Flexibility and Customization Expand Packaging Options

Originally Published MDDI January 2002PACKAGINGFlexibility and Customization Expand Packaging Options

January 1, 2002

19 Min Read
Flexibility and Customization Expand Packaging Options

Originally Published MDDI January 2002


Flexibility and Customization Expand Packaging Options

Thermoform-fill-seal technology incorporates a wide range of variables that offer manufacturers flexibility in the design and modification of every area in the packaging process.

Wil Caraballo

With thermoform-fill-seal technology, a variety of films can be combined to yield flexible or semirigid packages. Photo courtesy of Multivac Inc.

When compared with other packaging technologies, thermoform-fill-seal (TFS) packaging technology offers manufacturers considerable opportunity for innovation. A wide range of three-dimensional (3-D) shapes and several different films can be combined to yield a variety of flexible or semirigid packages.

Packaging equipment can be designed and engineered to meet specific medical packaging needs and existing equipment is easily modified to accommodate different sets of variables or to add features. The technology streamlines production, resulting in productivity increases and significant cost savings.


The key to the flexibility of TFS technology is that its two sets of tooling, forming and sealing, are customized to the requirements of the package. The design process begins with the creation of a 3-D package around the product, taking into consideration both the product configuration and the desired level of content protection.

Once the shape and nature of the package are established, the layout of the tooling is designed around the package, taking into account package size, the number of packages to be produced per index, the type of seal (fusion-welded or peelable), and the type of cutting used as packages are separated from the webs. The machine is then designed around the tooling. The final design step selects accessories, such as those for printing or affixing labels.


The basic idea behind the forming method is to take a flat, continuous piece of film in roll form (rollstock), heat a section of it, then draw it into a 3-D shape. Forming machines run from two webs of film: the thermoforming or bottom web that creates the 3-D shape of the package or tray, and the top web that places a lid of Tyvek, foil, paper, or other material on the formed, filled cavity. This technology takes a modular approach. The packaging material travels through several stations of the forming machine that convert it from rollstock into complete, filled, and sealed packages.

Film Unwind and Feed. In this first part of the process, a module unwinds and feeds film rollstock into the machine. Manufacturers offer a number of unwind systems to accommodate different ranges of material. As film is unwound, it is fed into gripper chains, which hold it firmly on both sides throughout the form-fill-seal (FFS) process, keeping it flat and taut.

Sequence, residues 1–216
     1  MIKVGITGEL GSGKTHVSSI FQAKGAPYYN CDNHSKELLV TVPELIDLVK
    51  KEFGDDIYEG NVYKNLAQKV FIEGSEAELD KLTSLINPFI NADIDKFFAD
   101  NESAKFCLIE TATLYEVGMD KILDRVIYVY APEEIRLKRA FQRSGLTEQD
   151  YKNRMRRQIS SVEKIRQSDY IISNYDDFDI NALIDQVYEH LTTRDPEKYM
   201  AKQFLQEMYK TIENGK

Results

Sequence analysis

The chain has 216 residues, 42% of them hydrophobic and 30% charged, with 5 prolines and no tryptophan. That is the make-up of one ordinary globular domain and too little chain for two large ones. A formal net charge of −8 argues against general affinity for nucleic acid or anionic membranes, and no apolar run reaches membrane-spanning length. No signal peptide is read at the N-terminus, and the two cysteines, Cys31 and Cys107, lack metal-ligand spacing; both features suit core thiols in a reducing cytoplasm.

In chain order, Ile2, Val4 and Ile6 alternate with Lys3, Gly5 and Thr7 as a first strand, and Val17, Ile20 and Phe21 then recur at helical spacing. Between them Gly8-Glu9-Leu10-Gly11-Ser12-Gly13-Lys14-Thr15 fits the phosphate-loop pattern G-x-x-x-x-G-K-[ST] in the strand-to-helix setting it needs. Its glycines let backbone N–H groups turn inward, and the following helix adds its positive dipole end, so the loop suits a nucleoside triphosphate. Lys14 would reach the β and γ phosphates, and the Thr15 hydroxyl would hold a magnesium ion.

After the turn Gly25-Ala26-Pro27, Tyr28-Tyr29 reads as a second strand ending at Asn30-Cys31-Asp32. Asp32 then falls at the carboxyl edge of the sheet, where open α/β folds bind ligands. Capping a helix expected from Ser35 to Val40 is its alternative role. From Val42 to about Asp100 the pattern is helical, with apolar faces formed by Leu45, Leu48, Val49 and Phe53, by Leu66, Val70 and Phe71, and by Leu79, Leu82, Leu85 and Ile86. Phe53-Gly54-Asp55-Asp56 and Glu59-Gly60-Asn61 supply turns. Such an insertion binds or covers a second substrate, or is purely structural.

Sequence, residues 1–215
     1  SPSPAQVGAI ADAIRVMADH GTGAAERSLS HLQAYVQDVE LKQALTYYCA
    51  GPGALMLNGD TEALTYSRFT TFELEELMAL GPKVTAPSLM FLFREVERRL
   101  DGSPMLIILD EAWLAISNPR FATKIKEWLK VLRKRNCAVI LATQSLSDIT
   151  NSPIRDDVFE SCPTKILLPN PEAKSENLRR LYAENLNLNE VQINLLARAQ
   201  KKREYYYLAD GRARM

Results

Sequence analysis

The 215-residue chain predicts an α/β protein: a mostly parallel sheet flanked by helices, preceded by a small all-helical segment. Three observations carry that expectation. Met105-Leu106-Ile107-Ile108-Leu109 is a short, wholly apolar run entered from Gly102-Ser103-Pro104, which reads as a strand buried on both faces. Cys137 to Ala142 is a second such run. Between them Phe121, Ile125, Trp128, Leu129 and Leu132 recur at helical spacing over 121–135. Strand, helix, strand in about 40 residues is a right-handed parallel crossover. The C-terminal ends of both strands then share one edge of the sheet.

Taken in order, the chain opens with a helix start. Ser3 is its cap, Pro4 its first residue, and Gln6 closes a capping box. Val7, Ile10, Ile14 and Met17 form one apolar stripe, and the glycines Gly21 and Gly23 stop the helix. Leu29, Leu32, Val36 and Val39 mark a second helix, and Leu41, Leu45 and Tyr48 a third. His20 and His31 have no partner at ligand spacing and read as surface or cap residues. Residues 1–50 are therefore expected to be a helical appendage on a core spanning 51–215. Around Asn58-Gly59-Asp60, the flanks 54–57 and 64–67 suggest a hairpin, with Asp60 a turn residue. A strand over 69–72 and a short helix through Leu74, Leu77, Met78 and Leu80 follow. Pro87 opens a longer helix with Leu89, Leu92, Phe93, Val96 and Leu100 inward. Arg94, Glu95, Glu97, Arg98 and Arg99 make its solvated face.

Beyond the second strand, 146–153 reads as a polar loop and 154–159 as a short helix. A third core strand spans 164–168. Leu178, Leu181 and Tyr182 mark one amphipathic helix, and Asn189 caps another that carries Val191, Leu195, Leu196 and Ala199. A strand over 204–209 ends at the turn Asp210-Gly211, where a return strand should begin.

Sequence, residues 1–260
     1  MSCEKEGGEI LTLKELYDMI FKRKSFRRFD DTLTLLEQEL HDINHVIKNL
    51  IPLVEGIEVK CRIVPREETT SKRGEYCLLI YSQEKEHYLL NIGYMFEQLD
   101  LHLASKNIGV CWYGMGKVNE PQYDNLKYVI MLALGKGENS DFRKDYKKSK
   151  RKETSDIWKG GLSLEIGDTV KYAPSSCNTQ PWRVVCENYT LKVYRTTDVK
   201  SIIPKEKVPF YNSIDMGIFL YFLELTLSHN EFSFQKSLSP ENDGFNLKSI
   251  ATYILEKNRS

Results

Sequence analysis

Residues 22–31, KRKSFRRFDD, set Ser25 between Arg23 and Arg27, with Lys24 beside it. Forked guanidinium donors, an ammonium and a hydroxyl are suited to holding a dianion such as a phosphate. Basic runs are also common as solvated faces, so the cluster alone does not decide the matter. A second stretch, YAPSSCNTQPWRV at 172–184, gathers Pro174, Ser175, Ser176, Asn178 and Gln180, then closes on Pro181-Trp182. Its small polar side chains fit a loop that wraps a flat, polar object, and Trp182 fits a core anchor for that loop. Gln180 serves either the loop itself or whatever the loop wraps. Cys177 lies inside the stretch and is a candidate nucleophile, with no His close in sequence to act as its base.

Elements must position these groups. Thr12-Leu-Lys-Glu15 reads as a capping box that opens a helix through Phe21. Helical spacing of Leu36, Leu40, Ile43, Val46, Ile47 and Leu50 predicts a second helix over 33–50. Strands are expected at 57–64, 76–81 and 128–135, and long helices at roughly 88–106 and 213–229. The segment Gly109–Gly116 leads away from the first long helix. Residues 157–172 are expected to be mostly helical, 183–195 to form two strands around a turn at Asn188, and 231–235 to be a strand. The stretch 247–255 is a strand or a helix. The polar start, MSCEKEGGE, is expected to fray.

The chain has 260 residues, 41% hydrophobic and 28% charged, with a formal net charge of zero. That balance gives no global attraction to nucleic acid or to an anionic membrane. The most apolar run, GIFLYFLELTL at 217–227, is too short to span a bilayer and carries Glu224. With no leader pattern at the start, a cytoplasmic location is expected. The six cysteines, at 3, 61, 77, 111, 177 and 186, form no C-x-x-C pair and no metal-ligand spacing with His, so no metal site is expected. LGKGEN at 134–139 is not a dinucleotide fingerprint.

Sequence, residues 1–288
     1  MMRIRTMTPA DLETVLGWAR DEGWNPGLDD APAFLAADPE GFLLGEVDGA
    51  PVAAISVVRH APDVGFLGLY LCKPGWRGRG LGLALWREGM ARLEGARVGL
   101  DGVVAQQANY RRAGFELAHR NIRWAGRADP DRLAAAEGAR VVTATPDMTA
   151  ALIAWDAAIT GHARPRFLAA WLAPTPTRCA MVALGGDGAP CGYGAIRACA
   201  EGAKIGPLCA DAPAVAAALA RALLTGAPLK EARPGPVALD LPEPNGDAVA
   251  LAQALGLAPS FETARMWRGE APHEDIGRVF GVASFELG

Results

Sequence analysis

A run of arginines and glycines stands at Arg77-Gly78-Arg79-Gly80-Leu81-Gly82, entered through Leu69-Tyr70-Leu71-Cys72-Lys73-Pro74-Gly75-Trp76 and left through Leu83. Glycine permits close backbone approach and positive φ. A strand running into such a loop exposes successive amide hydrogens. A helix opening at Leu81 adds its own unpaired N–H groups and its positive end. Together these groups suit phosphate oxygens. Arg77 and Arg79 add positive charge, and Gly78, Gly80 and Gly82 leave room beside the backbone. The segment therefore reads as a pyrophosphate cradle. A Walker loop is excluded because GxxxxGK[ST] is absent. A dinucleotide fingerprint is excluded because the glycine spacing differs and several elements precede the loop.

Heating and Forming. Next, the film enters a forming area where heat softens it. All films, with the exception of special multilayer aluminum films, can be formed under the influence of heat—hence the term thermoforming.

Heating station configurations vary depending on the film used and the desired cycle speeds. The heating process may occur inside the forming die or immediately preceding it. Also in the forming area, vacuum or compressed air pulls or presses the film onto the die.

There are three basic types of thermoforming technology: negative, negative plug-assist, and positive. Inside the forming die, heated film can be negatively formed by pulling it into a concave-shaped mold, or it can be positively formed around a convex-shaped plug. In negative forming, depending on the package design and the material being used, it may be necessary to prestretch the film mechanically before pulling it into the negative mold. This is done with a plug, which redistributes the packaging material so that the vital corners and bottom edges remain relatively thick while ensuring consistent distribution in other areas.

The positive forming method is used only for rigid films. It offers three major advantages: it allows precise control of the thickness of the package wall, permits the forming of detailed shapes on the package's bottom and side walls (e.g., company logos, support ribbing), and makes it possible to form packages with small radius corners from relatively thin and, therefore, inexpensive films.

Filling. The machine's next module is called the filling or loading area. Here, either employees fill the formed package pockets manually, or a variety of automated counting, portioning, filling, and weighing devices perform the task. Vibratory loaders, bowl feeders, loaders, pick-and-place units, and robotic systems are some of the systems available. Machine manufacturers also offer various machine configuration options such as knee-free loading stations that allow operators to sit during manual product loading.

Sealing. Once product has been loaded into the packages, the lower and upper webs move into the sealing die. At this point in cases of flexible packages, air is evacuated out of the die to displace oxygen or moisture, and, if desired, various gases can be back-flushed into the packages. Following this evacuation step, heat and pressure seal the upper and lower webs.

In the case of nonpermeable top webs, this process forms air-tight, hermetically sealed packages. When paper or Tyvek top webs are used, the package is impermeable to microbes but breathable for gas sterilization. The pressure and temperature involved can be precisely controlled and monitored to best affect the materials used.

Also during the sealing step, a steam-shrink system eliminates unsightly package wrinkles before they have a chance to form by injecting a measured amount of superheated steam into the die. This happens after the top and bottom webs have been sealed and just before the die is vented to the outside atmosphere.